The Soviet Union fought against the followers of a convicted terrorist and Nazi German collaborator Stepan Bandera in western Ukraine—first during World War II and then as an insurgency. As a result, many were tried and incarcerated in Kazakhstan, the Arctic Circle, and the Urals. Yet in 1955, Soviet leader Nikita Khrushchev pardoned and released Banderites in the tens of thousands. Why did this mass-scale amnesty happen, and what long-term consequences did it have?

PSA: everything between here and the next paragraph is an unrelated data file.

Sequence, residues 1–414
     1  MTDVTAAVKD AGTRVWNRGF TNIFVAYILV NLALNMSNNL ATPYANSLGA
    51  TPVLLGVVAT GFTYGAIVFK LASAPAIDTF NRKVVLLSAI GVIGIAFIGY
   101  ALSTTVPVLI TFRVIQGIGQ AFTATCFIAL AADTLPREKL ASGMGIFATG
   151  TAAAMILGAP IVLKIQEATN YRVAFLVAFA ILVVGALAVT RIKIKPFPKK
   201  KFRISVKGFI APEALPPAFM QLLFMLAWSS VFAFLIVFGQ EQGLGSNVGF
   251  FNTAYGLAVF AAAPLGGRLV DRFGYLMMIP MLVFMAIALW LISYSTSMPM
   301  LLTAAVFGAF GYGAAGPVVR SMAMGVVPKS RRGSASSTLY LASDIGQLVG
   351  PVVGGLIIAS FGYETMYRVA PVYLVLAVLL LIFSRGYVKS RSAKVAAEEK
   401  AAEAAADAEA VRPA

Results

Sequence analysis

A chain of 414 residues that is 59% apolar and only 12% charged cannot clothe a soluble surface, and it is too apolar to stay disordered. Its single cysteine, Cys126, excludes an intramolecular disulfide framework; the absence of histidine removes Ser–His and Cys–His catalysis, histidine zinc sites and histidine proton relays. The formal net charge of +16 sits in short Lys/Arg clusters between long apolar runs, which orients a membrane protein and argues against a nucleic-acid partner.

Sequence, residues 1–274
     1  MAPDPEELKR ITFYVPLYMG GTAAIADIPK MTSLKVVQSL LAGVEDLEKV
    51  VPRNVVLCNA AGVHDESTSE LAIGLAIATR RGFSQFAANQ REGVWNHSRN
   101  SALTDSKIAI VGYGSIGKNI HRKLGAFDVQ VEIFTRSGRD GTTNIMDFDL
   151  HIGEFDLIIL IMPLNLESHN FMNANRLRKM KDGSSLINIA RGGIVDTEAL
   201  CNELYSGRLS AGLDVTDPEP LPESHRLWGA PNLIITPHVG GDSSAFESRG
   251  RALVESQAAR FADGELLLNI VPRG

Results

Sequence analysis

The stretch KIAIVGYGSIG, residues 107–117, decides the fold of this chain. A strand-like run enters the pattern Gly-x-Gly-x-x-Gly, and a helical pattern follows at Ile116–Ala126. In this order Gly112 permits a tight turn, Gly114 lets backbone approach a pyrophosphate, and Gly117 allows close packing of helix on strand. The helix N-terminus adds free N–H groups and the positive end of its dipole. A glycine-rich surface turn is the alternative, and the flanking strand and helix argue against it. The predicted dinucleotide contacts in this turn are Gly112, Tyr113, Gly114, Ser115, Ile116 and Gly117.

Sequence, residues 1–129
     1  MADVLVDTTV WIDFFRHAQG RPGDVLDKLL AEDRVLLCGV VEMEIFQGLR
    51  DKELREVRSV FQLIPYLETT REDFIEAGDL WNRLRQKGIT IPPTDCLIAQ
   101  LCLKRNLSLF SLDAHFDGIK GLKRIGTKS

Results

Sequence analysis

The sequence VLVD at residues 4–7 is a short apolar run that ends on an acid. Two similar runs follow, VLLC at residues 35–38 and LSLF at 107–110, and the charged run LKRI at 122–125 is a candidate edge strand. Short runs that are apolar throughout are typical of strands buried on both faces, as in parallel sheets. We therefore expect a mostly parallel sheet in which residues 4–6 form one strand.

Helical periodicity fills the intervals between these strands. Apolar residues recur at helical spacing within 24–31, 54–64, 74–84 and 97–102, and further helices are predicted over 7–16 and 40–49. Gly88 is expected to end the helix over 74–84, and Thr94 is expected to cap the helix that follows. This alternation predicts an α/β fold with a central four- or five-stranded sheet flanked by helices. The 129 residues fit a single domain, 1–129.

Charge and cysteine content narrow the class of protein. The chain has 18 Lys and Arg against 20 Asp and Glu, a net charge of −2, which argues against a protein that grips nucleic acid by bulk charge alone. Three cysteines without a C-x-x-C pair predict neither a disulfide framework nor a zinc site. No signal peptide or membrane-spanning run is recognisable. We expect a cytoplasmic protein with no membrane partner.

This question is especially perplexing considering who Stepan Bandera was—a fascist leader of the terrorist OUN, Organization of Ukrainian Nationalists (faction B named after Bandera), established in 1929. During World War II, the organization collaborated with Nazi Germany since the area was under their occupation as Reichskommissariat Ukraine from mid-1941 to late 1944.Continue reading